Implications of global pricing policies of pharmaceuticals for access the innovative drugs: the case of trastuzumab in seven Latin American countries

Año de publicación: 2012

Background:

Differential pricing (DP) on the basis of countries’ purchasing power has been recommended by the WHO to secure more affordably priced medicines. However, in developing counties (DC) many innovative drugs have similar or even higher prices than in high-income countries (HIC). We conducted a cost-effectiveness (CE) analysis to estimate the impact of this pricing policy on the CE of trastuzumab in Latin-America (LA).

Methods:

Model structure and a common methodology for identifying costs and resource use were agreed with country teams. A Markov model was designed to evaluate life years (LY), quality adjusted life years (QALYs) and costs from a health care sector perspective. A systematic search on effectiveness, local epidemiology and costs studies was undertaken to populate the model. A base case scenario using transition probabilities from trastuzumab clinical trials, and two alternative scenarios with transition probabilities adjusted to reflect breast cancer epidemiology in each country, were built to better fit local cancer prognosis.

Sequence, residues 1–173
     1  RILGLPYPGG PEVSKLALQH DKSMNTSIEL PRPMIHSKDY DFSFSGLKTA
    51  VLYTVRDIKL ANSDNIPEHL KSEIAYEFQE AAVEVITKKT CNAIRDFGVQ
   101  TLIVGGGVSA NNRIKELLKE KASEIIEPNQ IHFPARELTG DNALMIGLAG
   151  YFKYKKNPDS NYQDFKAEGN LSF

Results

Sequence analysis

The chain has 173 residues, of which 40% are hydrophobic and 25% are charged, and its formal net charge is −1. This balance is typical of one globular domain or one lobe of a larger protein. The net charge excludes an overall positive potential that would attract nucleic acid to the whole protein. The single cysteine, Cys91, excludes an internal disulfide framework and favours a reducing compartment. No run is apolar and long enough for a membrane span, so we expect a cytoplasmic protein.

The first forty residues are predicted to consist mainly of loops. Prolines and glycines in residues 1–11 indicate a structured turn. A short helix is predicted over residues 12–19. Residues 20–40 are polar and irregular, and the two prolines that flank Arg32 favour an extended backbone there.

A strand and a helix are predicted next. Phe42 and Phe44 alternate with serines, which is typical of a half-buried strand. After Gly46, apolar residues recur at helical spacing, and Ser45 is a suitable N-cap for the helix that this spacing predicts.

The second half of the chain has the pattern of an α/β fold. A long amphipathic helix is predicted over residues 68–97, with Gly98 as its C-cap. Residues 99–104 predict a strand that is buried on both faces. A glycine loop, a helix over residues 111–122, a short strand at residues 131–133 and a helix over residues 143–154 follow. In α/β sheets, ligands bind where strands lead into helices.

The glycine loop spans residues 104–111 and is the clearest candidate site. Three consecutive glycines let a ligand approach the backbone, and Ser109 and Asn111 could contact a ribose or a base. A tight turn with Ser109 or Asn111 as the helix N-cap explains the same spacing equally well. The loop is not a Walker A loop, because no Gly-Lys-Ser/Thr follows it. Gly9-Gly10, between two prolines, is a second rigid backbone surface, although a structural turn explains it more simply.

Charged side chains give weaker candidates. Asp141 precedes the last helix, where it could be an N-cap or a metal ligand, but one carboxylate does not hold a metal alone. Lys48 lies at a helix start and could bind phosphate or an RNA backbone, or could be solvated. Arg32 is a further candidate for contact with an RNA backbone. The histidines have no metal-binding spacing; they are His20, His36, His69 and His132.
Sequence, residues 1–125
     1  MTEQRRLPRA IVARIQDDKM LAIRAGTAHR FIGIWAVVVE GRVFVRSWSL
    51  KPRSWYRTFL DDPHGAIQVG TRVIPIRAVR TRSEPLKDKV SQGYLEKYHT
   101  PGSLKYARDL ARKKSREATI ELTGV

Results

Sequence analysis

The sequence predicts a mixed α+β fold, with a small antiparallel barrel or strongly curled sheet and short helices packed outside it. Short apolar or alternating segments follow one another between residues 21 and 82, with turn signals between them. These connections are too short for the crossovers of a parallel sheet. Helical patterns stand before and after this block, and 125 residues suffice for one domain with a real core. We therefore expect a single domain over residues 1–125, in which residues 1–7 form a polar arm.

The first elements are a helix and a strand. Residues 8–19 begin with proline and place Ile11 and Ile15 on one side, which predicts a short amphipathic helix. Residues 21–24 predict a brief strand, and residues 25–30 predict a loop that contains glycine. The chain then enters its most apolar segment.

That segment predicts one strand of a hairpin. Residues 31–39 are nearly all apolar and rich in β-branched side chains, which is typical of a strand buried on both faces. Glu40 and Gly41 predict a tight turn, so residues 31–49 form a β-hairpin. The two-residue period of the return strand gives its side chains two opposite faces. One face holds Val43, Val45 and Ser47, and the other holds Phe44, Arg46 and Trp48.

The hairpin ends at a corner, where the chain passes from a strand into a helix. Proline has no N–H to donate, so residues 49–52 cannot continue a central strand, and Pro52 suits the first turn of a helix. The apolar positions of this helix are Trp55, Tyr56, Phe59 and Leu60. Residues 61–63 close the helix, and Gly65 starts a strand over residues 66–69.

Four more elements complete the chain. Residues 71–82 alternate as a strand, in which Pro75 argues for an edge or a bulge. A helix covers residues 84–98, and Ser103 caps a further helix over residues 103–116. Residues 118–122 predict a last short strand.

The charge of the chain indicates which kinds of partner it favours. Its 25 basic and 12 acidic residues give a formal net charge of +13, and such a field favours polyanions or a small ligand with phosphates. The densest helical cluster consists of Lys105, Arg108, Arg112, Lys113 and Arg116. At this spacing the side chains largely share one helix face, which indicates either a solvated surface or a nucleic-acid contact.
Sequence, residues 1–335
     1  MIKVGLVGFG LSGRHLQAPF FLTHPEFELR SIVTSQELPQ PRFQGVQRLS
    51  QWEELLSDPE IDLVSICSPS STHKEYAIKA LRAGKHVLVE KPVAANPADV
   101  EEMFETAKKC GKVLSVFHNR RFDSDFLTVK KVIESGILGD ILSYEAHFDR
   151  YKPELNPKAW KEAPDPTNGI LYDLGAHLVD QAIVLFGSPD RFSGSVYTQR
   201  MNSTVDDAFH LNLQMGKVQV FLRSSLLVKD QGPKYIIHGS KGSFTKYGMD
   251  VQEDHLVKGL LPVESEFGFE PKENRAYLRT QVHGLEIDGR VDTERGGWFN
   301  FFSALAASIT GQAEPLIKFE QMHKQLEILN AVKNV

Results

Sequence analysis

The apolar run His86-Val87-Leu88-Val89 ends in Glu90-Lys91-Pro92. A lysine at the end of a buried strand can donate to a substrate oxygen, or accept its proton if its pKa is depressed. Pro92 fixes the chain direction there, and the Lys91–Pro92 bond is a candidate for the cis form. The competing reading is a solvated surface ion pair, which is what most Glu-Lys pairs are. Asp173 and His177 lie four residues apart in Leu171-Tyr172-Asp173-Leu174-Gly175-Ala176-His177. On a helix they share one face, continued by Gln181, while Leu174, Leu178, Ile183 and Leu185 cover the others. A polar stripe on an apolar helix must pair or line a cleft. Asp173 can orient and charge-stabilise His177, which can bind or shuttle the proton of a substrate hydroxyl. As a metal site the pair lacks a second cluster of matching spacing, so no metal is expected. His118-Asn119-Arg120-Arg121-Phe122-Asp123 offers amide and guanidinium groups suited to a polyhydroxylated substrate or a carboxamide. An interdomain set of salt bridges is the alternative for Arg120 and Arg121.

Findings:

Incremental discounted benefits and costs of the trastuzumab strategy ranged from 0·87 to 1·00 LY, 0·51 to 0·60 QALY and $24,683 to $60,835 (2012 US dollars). Incremental CE ratios ranged from $42,104 to $110,283 per QALY, equivalent to 3·6 gross domestic products per capita (GDPc) per QALY in Uruguay to up to 35·5 GDPc per QALY in Bolivia. The probabilistic sensitivity analysis showed a 0% probability that trastuzumab is CE if the willingness-to-pay (WTP) threshold is one GDPpc per QALY, and remains 0% at a WTP threshold of three GDPc except in Chile and Uruguay (probability 4·3% and 26·6% respectively).

Conclusion:

Despite its proven CE in other settings, trastuzumab was not CE in LA at its current price. Better cooperation between the public and private sectors is still needed to make innovative drugs available and affordable in DC.

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